Brad Benghiat 2nd Hour

Anonymous said...

Hannah Grossman

Question 1.

No, I do not think it is okay for the president to do just anything in the defense of the USA during time of war. I think that if something is going wrong, the president should do all he can do that is legal to make it better. If the president breaks the law then people will follow by example, its just not the right thing to do. I disagree with Nixon, I think that if the president violates the law, its much worse. For a example, when someone that isn't well known does something illegal then it isn't as big of a deal, when the president of the United States of America does something illegal its a huge deal and its not right. The president can be penalized or even impeached for doing things illegal. People that are high up in power like Nixon was should not do things that make them selves look bad. Why would people want to have the president of the United States doing things to violate the law? I guess sometimes its for the well being of the country but I still don’t think it is right. I think that Nixon made a lot of mistakes during his presidency and that was one of them.

Anonymous said...

1. It is okay sometimes for the president to do just about anything in defense of the United States during a time of war. Even though we probably should do some things that aren’t legal during war times, we still should follow the law or try to do something to legalize it. If there is something that is wrong that’s going on that involves us, then we should probably do something about it. If the thing that we need to do is illegal, then the president might have to do that thing even though it includes breaking the law. The president should do this, depending on the situation at hand. If we can’t do anything about the situation except something that is illegal, then we should do this illegal thing, unless there is a way to make it legal. I do agree with Nixon’s reasoning. But I don’t think that Nixon had a situation like the one he was talking about. The Watergate scandal had nothing to do with peace and order. It had to do with him being elected to be the president again. I agree that the president might have to do something illegal to keep peace and order but it should be to a certain magnitude of what they do and they should not cross that line. Nixon did cross that line because he did this for personal gain and not to keep peace and order.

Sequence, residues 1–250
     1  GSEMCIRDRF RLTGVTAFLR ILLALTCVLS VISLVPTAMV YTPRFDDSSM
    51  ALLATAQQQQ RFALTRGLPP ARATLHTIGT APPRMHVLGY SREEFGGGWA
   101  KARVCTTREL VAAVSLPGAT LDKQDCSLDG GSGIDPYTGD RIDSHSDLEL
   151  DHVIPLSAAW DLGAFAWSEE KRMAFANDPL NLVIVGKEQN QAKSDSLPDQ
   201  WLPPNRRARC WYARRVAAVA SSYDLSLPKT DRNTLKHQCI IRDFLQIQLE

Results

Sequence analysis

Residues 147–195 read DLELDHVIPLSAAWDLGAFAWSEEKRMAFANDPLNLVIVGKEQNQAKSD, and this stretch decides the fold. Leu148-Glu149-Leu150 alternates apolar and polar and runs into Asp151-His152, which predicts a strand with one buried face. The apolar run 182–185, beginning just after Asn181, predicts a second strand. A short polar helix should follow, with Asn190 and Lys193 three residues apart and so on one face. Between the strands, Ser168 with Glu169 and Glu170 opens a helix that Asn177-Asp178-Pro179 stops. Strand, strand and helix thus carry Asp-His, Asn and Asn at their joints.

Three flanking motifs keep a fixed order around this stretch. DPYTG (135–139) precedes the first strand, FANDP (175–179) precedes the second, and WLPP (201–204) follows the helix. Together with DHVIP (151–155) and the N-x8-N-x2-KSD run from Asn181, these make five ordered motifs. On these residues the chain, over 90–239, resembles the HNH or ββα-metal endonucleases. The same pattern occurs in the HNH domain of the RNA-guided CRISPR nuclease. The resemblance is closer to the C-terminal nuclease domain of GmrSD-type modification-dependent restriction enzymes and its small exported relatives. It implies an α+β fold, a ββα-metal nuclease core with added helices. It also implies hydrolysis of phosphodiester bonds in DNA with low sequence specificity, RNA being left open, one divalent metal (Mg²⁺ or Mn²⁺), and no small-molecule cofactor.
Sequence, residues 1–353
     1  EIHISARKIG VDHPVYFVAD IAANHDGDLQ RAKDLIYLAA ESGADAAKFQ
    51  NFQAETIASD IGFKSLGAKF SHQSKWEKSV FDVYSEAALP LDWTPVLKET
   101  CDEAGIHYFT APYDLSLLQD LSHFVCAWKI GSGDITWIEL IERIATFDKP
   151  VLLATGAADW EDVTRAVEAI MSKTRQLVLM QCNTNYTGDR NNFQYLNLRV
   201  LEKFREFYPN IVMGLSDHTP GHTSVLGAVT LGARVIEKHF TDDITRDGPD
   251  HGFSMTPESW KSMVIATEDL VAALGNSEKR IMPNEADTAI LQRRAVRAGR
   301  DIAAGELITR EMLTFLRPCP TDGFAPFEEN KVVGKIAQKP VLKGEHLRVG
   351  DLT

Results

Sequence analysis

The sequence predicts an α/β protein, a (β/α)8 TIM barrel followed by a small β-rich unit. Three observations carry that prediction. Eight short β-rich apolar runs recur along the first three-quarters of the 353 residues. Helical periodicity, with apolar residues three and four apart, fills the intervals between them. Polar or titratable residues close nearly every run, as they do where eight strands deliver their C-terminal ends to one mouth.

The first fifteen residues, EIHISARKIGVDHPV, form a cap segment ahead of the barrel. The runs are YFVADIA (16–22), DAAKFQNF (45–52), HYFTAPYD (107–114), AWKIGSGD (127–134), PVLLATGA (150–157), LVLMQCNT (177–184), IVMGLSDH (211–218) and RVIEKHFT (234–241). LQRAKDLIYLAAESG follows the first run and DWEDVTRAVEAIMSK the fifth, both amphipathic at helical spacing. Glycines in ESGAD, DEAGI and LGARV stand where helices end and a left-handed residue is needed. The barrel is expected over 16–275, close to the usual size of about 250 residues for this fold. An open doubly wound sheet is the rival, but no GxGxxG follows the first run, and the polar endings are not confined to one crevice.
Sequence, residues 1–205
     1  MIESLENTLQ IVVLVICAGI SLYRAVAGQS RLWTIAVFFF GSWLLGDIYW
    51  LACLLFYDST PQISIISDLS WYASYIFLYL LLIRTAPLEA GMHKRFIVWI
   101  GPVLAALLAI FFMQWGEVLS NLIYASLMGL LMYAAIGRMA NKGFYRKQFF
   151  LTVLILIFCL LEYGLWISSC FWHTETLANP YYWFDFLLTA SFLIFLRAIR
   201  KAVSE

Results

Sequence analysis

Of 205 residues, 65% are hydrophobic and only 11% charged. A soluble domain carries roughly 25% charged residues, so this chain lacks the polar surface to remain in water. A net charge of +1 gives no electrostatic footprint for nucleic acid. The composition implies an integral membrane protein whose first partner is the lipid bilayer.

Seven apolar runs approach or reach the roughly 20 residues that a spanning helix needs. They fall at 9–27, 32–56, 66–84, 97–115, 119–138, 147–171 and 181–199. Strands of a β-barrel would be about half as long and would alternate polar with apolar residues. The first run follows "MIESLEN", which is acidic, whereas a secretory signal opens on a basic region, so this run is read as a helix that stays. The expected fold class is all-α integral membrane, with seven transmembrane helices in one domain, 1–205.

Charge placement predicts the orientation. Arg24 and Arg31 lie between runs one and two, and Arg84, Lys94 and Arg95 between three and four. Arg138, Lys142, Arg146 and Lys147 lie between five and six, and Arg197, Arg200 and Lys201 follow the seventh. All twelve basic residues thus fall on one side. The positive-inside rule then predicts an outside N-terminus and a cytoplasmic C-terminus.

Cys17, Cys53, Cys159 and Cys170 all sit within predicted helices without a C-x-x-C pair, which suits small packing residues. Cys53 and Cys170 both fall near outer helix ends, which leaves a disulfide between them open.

Alex Valente
2nd Hour

Anonymous said...

Michele Snyder
3rd hour
I chose to answer the first question. “Is it o.k. for the president to do just about anything in the defense of the United States during a time of war? Why or why not? Do you agree with Nixon's reasoning? Why or why not?” And I think it depends on why the president is doing what they are doing because if it will actually help their country and not hurt any body then I think it’s alright for the to do what they believe. But if what they are doing is putting someone else in harms way then I believe it is not alright for the president to do what they want, whether they think its necessary or not, because the president needs to be a good role-model for the rest of the country. And yes, they’ll make mistakes, everybody does, they just have to be sure they thought all their actions threw clearly. I do not think Nixon had to spy on Americans or have the FBI tap phones, open mail, break into homes/offices and such to prove there was a foreign power, country, enterprise, or whatever directing American kids. I believe he could have found another way to prove his hunch.

Drew S. said...

I think it is okay for the president to do whatever in a time when there is a sense of urgency in war time, natural disaster or an eminent attack. But, I think there needs oversight, and that everything that the individual does that is considered unlawful, needs to be posted on all government affiliated websites and news outlets within in 24 hours of it being enacted. And it must be the first thing you see on that government website, search engine, or news outlet. I also think a public statement by the White House press secretary should be standard protocol. But I think the time period could be extended a bit if it could potentially risk and jeopardize the security of the U.S. I would like to think that the president would use self-control and there own judgment but you never know which is why maybe another form of oversight for the ultra sensitive issues could be put in place.